Determining the C-Terminal Amino Acid of a Peptide from MS/MS Data

DOI: 10.5584/jiomics.v3i2.137


  • Jens Allmer Molecular Biology and Genetics, Izmir Institute of Technology, Urla, Izmir, Turkey


Proteomics is currently chiefly based on mass spectrometry (MS) which is the tool of choice to investigate proteins. Two computational approaches to derive the tandem mass spectrum precursor’s sequence are widely employed. Database search essentially retrieves the sequence by matching the spectrum to all entries in a database whereas de novo sequencing does not depend on a sequence database. Both approaches benefit from knowledge about the enzyme used to generate the peptides. Most algorithms default to trypsin for its abundant usage. Trypsin cuts after arginine and lysine and thus the c-terminal amino acid is not known precisely and usually either of the two. Furthermore, 90% of protein terminal peptides may not end with either arginine or lysine and may thus contain any of the other amino acids. Here an algorithm is presented which predicts the c-terminal amino acid to be arginine, lysine or any other.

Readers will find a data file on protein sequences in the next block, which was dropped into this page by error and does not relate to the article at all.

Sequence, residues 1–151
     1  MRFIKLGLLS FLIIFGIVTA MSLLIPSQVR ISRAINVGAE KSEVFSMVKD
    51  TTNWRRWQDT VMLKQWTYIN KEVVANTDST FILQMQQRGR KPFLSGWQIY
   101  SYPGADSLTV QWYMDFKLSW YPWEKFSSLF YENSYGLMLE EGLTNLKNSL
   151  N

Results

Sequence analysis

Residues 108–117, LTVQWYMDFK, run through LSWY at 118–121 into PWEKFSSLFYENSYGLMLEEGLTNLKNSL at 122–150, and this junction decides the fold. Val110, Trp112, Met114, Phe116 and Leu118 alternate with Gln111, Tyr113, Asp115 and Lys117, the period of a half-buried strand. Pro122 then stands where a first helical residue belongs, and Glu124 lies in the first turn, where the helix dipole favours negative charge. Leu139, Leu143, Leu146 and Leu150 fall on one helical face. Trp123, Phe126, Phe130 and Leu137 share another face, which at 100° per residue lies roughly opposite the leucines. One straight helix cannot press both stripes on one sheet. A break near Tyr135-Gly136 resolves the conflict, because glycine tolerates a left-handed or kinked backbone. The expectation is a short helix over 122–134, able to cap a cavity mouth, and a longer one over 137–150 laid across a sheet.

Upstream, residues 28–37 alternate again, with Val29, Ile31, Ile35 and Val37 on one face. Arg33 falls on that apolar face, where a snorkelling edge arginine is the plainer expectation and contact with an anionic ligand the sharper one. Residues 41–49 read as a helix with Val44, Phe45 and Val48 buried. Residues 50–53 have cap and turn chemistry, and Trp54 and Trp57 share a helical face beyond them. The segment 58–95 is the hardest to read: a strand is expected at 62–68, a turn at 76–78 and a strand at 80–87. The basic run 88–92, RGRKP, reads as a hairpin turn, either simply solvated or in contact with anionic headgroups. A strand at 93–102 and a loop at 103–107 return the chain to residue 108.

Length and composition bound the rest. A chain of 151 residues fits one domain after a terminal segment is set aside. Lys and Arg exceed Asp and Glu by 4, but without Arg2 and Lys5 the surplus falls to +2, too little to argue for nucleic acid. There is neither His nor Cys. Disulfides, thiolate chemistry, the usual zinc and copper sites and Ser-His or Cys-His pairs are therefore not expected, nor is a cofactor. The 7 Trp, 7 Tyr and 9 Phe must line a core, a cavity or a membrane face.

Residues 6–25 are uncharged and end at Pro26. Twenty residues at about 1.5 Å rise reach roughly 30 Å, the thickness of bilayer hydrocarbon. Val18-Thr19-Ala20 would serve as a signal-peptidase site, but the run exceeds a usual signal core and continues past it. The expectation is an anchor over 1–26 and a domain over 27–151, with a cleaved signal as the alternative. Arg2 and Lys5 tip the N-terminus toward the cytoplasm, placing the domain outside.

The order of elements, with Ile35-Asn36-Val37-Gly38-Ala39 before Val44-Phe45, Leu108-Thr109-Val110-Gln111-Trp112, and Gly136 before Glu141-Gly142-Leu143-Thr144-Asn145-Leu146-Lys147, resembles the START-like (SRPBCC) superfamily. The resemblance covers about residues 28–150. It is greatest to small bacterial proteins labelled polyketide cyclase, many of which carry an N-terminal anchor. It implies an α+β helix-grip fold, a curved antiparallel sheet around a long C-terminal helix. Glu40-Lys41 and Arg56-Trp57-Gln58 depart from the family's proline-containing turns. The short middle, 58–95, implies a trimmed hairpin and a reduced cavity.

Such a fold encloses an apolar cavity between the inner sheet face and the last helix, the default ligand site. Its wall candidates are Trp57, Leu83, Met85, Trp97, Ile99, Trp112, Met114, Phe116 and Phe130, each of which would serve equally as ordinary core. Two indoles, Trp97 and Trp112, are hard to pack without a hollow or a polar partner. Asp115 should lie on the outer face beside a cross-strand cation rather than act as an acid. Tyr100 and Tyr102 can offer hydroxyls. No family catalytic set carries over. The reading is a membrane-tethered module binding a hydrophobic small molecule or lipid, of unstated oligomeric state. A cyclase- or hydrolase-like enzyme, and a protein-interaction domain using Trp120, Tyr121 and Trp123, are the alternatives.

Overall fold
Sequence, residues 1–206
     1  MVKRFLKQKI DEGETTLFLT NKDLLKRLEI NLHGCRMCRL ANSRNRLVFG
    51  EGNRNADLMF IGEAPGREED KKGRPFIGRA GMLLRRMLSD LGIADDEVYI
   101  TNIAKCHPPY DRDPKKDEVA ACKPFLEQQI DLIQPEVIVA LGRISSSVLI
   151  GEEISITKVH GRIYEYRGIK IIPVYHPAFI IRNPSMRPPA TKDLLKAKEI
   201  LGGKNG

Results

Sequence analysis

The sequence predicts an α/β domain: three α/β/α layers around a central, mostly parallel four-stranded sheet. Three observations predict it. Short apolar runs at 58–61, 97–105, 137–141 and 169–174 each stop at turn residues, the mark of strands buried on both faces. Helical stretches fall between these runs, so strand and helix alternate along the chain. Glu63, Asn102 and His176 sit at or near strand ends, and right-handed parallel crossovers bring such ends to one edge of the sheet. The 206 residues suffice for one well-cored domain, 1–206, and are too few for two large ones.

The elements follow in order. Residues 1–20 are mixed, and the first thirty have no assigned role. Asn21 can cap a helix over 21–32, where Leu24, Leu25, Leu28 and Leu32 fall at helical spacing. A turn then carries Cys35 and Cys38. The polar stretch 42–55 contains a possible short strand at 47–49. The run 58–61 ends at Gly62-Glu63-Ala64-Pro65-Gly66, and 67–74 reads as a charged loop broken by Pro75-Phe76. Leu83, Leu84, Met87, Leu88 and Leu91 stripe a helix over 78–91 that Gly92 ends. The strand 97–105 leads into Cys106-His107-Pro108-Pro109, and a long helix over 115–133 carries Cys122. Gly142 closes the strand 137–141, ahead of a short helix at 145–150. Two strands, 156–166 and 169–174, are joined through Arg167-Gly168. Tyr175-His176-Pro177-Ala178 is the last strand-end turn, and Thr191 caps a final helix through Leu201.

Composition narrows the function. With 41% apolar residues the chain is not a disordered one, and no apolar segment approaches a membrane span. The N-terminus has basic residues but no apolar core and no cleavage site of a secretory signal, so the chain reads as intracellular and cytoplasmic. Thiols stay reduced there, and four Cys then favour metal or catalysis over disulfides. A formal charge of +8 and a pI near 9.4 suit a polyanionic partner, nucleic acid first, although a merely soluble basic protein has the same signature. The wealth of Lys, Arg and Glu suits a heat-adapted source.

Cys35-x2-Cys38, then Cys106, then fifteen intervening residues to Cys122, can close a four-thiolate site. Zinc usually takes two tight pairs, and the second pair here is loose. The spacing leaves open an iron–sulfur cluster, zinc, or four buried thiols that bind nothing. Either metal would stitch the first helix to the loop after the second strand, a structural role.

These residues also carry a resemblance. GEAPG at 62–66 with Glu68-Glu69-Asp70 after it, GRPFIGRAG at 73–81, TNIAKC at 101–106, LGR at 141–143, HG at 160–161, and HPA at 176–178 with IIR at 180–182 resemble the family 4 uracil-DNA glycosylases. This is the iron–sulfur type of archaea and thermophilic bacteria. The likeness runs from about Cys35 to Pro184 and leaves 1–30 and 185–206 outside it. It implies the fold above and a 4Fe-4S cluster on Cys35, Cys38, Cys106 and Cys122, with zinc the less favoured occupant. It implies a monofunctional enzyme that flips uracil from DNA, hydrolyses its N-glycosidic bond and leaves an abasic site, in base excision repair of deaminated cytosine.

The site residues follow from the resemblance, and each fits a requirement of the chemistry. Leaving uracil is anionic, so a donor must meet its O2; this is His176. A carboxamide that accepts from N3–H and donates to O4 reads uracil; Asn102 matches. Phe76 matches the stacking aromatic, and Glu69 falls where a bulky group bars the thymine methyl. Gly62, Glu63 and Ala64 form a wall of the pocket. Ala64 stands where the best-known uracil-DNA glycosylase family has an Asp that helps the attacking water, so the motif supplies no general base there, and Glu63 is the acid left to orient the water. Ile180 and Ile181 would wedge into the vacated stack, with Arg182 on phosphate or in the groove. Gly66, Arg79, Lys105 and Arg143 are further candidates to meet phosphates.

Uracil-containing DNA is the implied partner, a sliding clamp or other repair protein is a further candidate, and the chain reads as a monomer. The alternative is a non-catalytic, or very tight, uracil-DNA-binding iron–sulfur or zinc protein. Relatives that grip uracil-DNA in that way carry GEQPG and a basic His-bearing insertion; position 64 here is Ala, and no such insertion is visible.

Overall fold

Here an algorithm, named RKDecider, to sort the c-terminal amino acid into one of three groups (arginine, lysine, and other) is presented. Although around 90% accuracy was achieved during data mining spectra for rules that determine the c-terminal amino acid, the implementation’s (RKDecider) accuracy is a little less and achieves about 80%. This is due to the fact that the decision trees were implemented as a rule-based system for speed considerations. The implementation is freely available at: